Given that 2019 will continue to be another year of email dominance over other channels, the prediction is that more than 2225.3 billion emails in total will be sent out this year! Understanding the complete anatomy of email template design best practices can be a complex game for your organization. So, how would level-up your game in this year to launch best email template design practices for your email marketing campaigns?
One of the best thing about using an email service provider (ESP), even if you don’t consider yourself to be an expert designer is that you can easily create amazing email designs.
With drag and drop editing and customizable newsletter templates, you can quickly create emails that follow the best practices of email design, matches with your brand, and make your company look professional in every inbox.
But even though the ESPs make it super easy to create emails that look amazing, there are still some critical email design best practices you need to be aware of and keep in mind. Even the smallest email design mistakes that are quite simple to fix, can have a huge impact on whether or not your subscribers pay attention to your emails.
It’s quite distressing to see plummeting click-through rates (CTR) after all the tiring hours and efforts put in towards an email marketing campaign. With more and more small business entities focusing on email marketing as an effective marketing channel, there has been a significant upsurge in the average number of emails received by a person within a day. This is the reason towards those plummeting CTRs and the best way to make a difference is by optimizing your email designs to get maximum engagement with your subscribers.
To help you avoid any possible setbacks, the following are 13 design mistakes to watch out for:
Inconsistent messaging or templates:
If you regularly change the style, look, and voice of your email messages, you attract a huge risk of confusing your subscribers and the possibility of unsubscribes from them. However, your headline, email subject line, images, and body copy will change with every email campaign, but the elements like your brand logo, tone, color scheme and the location of your contact information should stay the same campaign to campaign.
To ensure that your emails are consistent is quite simple with an email editor. Just edit the default layout to fit the style and branding of your company, and then simply save the design to be used in your upcoming email marketing campaigns. On the other hand, you may find it necessary to implement mirror tweaks to your email template to keep your campaigns fresh, there should be clearly recognizable elements in each of your emails. And without any consistency, your loyal subscribers may get an email from you, glance at it, then without realizing it’s one of yours email they unsubscribe from your mailing list, just because at first glance your email looked nothing like the last emails they’d received.
Forgetting about branding:
Your subscribers should be able to instantly recognize your company as soon as they open your email. This will help you to connect with your subscribers and make your brand look professional the inbox.
The following are three simple ways to brand your emails:
- Use images of your business, people, and products: Include real images that show the work that you’re doing every day.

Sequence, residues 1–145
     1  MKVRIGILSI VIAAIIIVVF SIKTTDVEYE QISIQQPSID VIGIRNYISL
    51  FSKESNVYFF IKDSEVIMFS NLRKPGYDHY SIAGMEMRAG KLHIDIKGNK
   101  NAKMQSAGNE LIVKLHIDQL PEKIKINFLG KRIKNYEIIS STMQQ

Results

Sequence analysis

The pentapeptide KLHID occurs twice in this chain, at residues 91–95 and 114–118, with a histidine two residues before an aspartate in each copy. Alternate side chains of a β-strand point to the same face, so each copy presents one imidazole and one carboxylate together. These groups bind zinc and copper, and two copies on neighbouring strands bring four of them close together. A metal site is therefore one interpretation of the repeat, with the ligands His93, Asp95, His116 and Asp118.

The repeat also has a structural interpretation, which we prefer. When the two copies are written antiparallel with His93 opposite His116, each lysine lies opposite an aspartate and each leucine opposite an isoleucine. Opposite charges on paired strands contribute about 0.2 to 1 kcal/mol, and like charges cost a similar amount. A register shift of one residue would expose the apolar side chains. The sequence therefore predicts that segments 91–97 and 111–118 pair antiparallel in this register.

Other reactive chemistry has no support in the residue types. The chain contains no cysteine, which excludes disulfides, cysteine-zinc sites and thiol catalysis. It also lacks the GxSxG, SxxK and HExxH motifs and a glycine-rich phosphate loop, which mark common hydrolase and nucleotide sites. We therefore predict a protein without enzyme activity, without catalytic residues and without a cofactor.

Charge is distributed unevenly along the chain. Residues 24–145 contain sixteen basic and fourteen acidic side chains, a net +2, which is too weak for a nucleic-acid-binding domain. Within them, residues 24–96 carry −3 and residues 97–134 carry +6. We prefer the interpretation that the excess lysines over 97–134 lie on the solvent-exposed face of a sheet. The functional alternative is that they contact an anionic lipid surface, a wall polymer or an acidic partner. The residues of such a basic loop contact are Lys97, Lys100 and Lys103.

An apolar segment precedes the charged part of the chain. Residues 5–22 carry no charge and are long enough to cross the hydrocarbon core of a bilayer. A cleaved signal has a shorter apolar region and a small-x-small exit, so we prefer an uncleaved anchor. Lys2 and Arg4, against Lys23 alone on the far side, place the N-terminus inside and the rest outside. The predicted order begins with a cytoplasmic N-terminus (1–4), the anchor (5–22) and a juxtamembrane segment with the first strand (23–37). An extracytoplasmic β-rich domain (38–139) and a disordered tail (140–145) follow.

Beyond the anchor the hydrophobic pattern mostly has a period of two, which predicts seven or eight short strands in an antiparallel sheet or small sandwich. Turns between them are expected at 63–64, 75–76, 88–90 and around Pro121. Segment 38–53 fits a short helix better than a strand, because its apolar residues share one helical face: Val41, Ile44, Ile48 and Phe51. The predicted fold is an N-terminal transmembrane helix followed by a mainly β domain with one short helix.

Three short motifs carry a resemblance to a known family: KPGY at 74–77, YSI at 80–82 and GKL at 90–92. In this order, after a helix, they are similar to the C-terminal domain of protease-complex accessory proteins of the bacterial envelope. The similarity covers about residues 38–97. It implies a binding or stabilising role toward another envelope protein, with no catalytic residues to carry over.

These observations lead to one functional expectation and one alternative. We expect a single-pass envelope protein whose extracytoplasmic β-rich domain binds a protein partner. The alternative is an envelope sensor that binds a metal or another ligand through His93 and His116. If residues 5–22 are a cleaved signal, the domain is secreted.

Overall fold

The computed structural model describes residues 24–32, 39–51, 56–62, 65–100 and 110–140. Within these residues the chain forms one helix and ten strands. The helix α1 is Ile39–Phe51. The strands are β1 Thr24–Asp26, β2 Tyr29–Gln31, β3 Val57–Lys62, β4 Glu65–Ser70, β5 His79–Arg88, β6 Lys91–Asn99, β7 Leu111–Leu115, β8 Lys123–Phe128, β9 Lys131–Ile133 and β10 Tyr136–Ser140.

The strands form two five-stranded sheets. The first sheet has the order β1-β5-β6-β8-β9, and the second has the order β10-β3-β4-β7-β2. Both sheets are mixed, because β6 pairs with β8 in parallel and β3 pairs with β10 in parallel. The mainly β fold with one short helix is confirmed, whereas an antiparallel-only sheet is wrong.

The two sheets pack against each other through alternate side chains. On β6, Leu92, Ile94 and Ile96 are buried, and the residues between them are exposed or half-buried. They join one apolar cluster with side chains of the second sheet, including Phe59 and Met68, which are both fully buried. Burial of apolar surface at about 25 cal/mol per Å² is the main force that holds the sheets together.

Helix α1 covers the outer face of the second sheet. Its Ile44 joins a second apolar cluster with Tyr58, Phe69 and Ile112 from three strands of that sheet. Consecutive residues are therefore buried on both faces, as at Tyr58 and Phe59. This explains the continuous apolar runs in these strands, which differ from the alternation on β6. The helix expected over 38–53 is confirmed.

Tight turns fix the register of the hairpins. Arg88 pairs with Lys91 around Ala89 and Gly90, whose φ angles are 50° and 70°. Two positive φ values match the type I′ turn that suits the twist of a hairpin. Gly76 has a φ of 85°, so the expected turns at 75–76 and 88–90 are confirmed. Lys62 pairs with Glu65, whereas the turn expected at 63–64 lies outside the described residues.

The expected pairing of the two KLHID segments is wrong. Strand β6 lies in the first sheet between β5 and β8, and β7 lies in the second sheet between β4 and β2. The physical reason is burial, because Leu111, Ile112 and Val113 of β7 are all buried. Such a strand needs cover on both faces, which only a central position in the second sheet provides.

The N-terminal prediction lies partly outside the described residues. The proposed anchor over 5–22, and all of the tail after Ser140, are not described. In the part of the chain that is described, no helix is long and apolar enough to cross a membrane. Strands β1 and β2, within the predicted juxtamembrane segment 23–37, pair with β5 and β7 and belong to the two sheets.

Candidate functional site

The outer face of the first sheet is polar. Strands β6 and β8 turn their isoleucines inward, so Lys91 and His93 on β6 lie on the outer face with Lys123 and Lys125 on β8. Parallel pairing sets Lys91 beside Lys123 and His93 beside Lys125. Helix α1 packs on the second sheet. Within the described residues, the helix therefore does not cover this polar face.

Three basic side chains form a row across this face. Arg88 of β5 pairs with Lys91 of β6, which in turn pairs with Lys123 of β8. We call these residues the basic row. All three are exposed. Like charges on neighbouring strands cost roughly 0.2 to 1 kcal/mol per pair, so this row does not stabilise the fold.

- Be consistent with branding colors and logo: Your logo should be positioned at the top of your email and the colors you use should fit your brand.
- Use consistent language: Use a consistent tone in the content that you write.
Using hard-to-read fonts:
Using many different fonts will make your emails look messy and distract your subscribers from the message that you’re trying to get across. So, avoid using more than two or three different fonts in the email s you send out to your subscribers.
When selecting fonts for your email campaign, you have many choices to choose from like between Serif and Serif fonts. The Serif fonts are identified by the small curls at the end of each letter and are considered to be more traditional.
When you are creating content to be viewed online, use Sans Serif fonts as they are much easier to read than the Serif fonts. Also try using some common fonts like Helvetica, Arial, or Verdana. These fonts are very compatible and highly legible among many other less standard fonts.
Some other considerations for fonts:
- Font size: Use 12-16pt for body copy and 22-24pt for header text.
- Amount of text: A leading ESP recently found that 20 lines of text result in the highest click-through rates.
Adding the wrong colors:
Adding too many colors in your emails can be very distracting and also makes your emails looks unprofessional.
Colors that are unrecognizable and off-brand can cause confusion to the people and lead them to delete or ignore your messages.
Instead, try to stick to 2-3 colors that align better with your brand.
And if you don’t know your exact brand colors, then you can use tools like Digital Color Meter or Color Cop that allow users to pull the RGB or Hex value of the colors in your logo or on your website.
Forgetting to organize:
People quickly scan emails and make snap decisions about whether the message is relevant to them. And if you want your emails to better connect with your subscribers, you need to ensure your email content is organized well and structures so that it’s easy to read.
Ideally, you should have just one primary piece of information you want to get across to your subscribers and no more than two or three secondary messages. Although, your primary message should be the first thing your subscribers should see when they open your email.
You should start with a header message that helps to set up the content your subscribers are going to read. And the copy that follows should be concise and clear. So, replace any lengthy paragraph with quick sentences that easily let people know about what you are doing, why it’s important to them and most importantly what actions you’d like them to take after they read your emails.
Not using or misusing images: